Creating a Musical Soundtrack to your Baby’s Life

I don’t often have guest posts on my blog, however I’ve made an exception once again for Lauren aka. Musical Mum as I loved her post idea. The connections that babies make with music amazes me. I often sang Twinkle Twinkle Little Star when I was pregnant with Autumn, and once she was born, she seemed to settle better to that song than others. My husband is a big fan of the American drama series, Bones. As soon as Autumn hears the theme tune, she is distracted from whatever she’s doing and looks towards the source of the sound.

Even in my own life, I know the strong connections that I’ve made to music throughout my life. The power of music is something that truly fascinates me. Anyway, over to Lauren…

Hi, my name is Lauren Elliott. I am a music teacher in Solihull and mum to 10-month-old J. Since J’s birth I have discovered more and more about the wonderful effect that music can have on young children, and I have set up a website to help parents explore this with their own children: Music education can begin even before your baby is born, and it is definitely something that can be started from home! I am on a mission to make music education accessible to everyone, and to show parents that it can have profound effects on their children.

Have you ever heard a song that has instantly taken you back to another time? That evokes memories so strong, you feel as though you are in a different place? That stays with you all day, as you get lost in time gone by? Of course you have – that’s the power that music has! More so than language, pictures, or smells, listening to music can stir so many emotions.

If you think back through your life, you will find that all of your big occasions were accompanied by music: your wedding day, your 18th birthday, your school prom, your first boyfriend. But if you think even harder, you will find that all of the little occasions also had a musical soundtrack. There will be music that reminds you of summer nights when you were 6, of visiting your grandparents when you were 10, and of sleepovers with your best friend when you were 15. Without even realising, you have a musical soundtrack to your own life, which has the power to evoke the strongest memories whenever you hear snippets of it.

It’s really funny what we remember. Memories get hazy over time, and we only remember snapshots of things that happened when we were little. As your baby grows, you have no way of knowing which parts of their lives will be forgotten, and which parts they will remember forever. They may forget their 8th birthday party, but always remember that blue spade that you once took to Margate. The music that they hear will stay with them always. If you fill your house with music, they will always have a bank of songs that will remind them of childhood. If you create playlists for their birthday parties, they will have a collection of music that stirs happy emotions. And if you sing and dance you will be creating a musical soundtrack that is filled with joy and happiness.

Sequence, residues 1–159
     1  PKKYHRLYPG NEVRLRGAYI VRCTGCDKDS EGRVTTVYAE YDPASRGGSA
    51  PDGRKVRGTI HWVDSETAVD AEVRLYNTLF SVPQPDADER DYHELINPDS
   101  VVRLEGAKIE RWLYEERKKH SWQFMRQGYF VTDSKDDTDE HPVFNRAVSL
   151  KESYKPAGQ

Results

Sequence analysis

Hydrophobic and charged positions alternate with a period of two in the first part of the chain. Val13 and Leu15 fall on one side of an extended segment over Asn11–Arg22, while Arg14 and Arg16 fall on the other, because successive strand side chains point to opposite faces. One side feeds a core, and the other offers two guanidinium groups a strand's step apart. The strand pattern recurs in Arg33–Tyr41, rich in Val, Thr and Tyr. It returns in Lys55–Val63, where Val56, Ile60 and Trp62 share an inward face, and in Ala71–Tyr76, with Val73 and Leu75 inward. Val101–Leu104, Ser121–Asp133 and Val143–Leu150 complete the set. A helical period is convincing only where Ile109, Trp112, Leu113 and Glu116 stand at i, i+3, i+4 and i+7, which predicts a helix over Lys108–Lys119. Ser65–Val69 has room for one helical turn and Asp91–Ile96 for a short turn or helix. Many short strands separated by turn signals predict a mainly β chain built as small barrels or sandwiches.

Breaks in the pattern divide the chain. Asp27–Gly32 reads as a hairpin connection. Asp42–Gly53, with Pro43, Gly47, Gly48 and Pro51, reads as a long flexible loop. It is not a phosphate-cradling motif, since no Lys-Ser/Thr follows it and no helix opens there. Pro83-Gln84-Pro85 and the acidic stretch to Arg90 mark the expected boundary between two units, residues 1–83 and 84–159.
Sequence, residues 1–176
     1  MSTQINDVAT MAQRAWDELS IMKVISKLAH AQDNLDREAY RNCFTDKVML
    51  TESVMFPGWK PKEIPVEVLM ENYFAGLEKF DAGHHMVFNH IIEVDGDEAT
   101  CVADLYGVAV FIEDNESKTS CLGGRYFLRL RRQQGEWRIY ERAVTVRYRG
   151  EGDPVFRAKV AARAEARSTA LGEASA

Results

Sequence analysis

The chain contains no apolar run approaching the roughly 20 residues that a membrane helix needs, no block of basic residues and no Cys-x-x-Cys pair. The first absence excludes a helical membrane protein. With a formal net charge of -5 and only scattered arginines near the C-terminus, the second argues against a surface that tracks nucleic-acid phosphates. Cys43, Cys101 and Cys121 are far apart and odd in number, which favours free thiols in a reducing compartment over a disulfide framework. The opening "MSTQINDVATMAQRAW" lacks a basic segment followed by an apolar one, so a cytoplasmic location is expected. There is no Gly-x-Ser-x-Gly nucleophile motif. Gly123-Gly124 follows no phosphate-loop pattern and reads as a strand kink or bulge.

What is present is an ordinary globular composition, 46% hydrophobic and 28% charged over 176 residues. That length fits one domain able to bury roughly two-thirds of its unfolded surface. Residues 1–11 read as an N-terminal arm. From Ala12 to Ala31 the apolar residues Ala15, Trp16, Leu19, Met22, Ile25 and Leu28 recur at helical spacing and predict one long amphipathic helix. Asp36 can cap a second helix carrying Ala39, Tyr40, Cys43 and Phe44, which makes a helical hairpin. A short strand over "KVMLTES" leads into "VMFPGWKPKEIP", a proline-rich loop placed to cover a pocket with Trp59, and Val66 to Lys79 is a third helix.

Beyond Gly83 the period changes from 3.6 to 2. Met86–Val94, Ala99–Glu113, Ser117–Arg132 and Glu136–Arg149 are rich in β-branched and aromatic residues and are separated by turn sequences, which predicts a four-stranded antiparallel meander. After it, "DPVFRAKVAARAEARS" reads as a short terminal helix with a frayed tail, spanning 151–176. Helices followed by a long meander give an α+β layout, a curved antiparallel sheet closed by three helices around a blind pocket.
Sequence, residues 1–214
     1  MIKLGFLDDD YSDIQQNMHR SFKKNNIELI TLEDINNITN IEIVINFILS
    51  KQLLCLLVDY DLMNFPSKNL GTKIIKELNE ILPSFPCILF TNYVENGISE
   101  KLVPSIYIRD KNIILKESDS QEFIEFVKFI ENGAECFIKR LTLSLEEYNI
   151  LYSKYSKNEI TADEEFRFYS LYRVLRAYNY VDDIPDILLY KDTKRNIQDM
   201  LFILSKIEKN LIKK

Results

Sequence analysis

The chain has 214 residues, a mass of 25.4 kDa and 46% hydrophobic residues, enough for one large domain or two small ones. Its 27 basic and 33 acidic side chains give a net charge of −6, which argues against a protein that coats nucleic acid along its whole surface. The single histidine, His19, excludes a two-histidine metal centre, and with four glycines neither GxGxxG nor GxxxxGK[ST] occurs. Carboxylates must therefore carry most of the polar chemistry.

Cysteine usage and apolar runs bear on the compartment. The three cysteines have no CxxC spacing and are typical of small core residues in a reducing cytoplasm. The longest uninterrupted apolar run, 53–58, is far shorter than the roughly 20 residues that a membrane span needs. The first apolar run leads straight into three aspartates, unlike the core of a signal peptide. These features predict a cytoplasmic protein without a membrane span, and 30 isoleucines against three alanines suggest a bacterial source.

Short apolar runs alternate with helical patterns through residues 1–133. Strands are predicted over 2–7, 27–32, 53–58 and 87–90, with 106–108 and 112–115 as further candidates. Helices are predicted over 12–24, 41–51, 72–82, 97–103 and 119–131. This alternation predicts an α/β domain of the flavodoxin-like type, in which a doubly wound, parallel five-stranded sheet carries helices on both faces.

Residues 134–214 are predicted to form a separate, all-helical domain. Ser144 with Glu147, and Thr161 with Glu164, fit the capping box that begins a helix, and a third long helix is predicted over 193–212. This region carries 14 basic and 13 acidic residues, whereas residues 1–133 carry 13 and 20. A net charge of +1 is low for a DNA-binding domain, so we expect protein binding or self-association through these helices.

Of course, music accompanies the saddest events of our lives as well. Funerals, break-ups, loss – people turn to music for comfort as well as celebration. This is all part of your soundtrack. The tears that you cry make you stronger, the fear that you feel makes you braver, and the music that helps you through is all the more special. However much you may try to protect them, your little one will experience some pain in their life – and music is one of the things that will help them through. They will find songs that they can relate to, that explain how they are feeling, and that will become a part of their tapestry.

Here are some ideas to think about when considering the musical soundtrack to your child’s early life:

  • Even before your baby is born, they can hear! From about 16 weeks of pregnancy, your baby’s ears are developing, and it is their strongest sense when they are born. Select a playlist of pieces to play to your unborn baby regularly. Play them out loud, so you can hear them too, and allow the endorphins to rush to your womb as you relax. Your baby will learn to recognise these pieces, and they they will help to relax and reassure them after they have entered our big and scary world.
  • Play music when you get up in the morning, while you are eating your breakfast, and when you are in the car. Play it while your baby is playing, while they are in the bath, and when you are in the garden. Background music has been shown to help the brain make connections involved in learning, and singing along has proven benefits in language development.
  • Every 6 months or so, write your baby a love letter. Write down how you feel about them, why you love them so much, and what makes you proud. Tell them the things that you have enjoyed doing together, the cute little things that they do, and if you have any worries about them. Write down the toys they have played with, the books you have read together, and the music you have listened to. These are all the things that will become hazy as time passes. But keeping a note of the music you have enjoyed will help to keep the memories fresh and clear!

For more ideas about how to include music in your child’s life, follow my 10-step plan to creating a happy and musical home:

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